John Spencer, university manager for Microsoft Research, hailed the partnership as a superior model for teaching fundamentals, advanced project management and community service. Microsoft and Microsoft Research's university relations group became the first national corporate sponsor of Purdue's EPICS program in 1997.

"I personally have been associated with Purdue's program since 1998, and I've found it one of the most innovative programs in engineering education," Spencer said. "It provides a very realistic long-term, team-based design and development experience coupled with service learning. This service approach provides students, community service organizations, students' future employers and society with a more holistic approach to learning."

In addition to Microsoft, the National Science Foundation and the Corporation for National Service will provide sponsorship for EPICS national partnership with Habitat for Humanity.

Jamieson and Edward J. Coyle, professor of electrical and computer engineering and assistant vice president for research in computing and communication, established the first engineering service program at Purdue in 1995 to develop professionally competent, socially aware and civic-minded engineering students.

The program also was organized to promote experiential, multidisciplinary education to develop students' technical skills and meet community service agencies' needs to improve the delivery, coordination, accounting and improvement of the services they provide.

Students involved in other Purdue EPICS community service projects have developed a centralized database to facilitate services, document reports and track clients for the Homelessness Prevention Network in Tippecanoe County; created computer-controlled and electromechanical toys for children with disabilities for the Wabash Center in Lafayette; and provided design and construction services for building a wetland to treat the agricultural runoff at the Purdue Agricultural Research Center.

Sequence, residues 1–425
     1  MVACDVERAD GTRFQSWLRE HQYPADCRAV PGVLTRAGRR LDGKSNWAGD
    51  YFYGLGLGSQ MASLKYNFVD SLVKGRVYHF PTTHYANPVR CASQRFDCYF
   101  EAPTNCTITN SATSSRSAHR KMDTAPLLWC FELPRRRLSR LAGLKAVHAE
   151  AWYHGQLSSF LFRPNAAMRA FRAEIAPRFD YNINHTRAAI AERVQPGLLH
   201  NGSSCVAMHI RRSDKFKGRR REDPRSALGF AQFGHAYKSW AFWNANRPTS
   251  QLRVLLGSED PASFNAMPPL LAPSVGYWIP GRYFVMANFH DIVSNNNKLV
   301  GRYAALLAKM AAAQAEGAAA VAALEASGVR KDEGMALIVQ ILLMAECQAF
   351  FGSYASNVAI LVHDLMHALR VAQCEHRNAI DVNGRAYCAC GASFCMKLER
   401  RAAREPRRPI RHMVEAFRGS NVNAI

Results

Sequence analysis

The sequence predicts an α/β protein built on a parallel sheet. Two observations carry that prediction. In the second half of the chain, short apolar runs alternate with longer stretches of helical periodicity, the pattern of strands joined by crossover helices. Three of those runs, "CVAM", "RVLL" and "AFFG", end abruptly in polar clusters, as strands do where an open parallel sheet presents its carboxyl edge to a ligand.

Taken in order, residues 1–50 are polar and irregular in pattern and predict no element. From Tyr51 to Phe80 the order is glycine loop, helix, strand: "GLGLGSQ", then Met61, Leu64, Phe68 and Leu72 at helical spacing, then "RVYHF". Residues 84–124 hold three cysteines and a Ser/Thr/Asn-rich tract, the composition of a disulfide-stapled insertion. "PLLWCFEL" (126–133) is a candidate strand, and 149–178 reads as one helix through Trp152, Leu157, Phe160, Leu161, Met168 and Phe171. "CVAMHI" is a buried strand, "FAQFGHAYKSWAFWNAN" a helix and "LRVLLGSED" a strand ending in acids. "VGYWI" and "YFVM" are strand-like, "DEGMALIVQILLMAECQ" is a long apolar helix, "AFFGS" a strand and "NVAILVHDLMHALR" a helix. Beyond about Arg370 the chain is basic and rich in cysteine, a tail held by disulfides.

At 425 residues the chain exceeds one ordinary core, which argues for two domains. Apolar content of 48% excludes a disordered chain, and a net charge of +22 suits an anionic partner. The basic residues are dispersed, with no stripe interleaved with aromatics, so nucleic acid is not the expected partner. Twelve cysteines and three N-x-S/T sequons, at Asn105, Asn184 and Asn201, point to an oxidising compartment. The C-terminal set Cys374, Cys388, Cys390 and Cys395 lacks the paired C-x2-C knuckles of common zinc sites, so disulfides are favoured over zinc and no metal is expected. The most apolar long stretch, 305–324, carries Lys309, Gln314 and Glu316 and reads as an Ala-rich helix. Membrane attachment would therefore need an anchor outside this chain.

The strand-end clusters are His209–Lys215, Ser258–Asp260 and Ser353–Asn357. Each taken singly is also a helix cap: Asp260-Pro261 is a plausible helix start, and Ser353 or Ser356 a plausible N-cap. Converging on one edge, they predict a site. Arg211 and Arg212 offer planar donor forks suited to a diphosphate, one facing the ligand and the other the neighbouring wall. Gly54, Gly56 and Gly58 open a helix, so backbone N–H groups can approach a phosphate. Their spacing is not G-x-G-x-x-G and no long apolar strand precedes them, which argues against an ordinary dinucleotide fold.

Currently, the EPICS program has more than 500 students participating in 52 project teams at the seven other participating campuses: the University of Notre Dame, Iowa State University, the University of Wisconsin-Madison, Georgia Institute of Technology, Penn State University, Case Western Reserve University in Cleveland and Butler University in Indianapolis.

Millard Fuller and Nevil Eastwood, Habitat for Humanity's construction and environmental resources director, represented Habitat at today's agreement signing.

"The signing of this memorandum of understanding shows the great support Habitat for Humanity has had from Purdue University, and more specifically the EPICS team," Eastwood said. "We look forward to their continued involvement and also the involvement of other schools with our local affiliates throughout the United States."

Habitat for Humanity International is an ecumenical Christian ministry dedicated to eliminating poverty housing. Founded by Millard Fuller, along with his wife, Linda, Habitat for Humanity International and its affiliates in more than 2,000 communities in 83 nations have built and sold more than 100,000 homes to partner families with no-profit, zero-interest mortgages.

Habitat for Humanity International has 2,123 local affiliates throughout the world.

Writer: Grant Flora, (765) 494-2083,

Sources: Nevil Eastwood, (229) 924-6935,

Leah H. Jamieson, (765) 494-3653,

William C. Oakes, (765) 494-3892,

Angela Foster, Habitat for Humanity public relations officer, (229) 924-6935,

Purdue News Service: (765) 494-2096;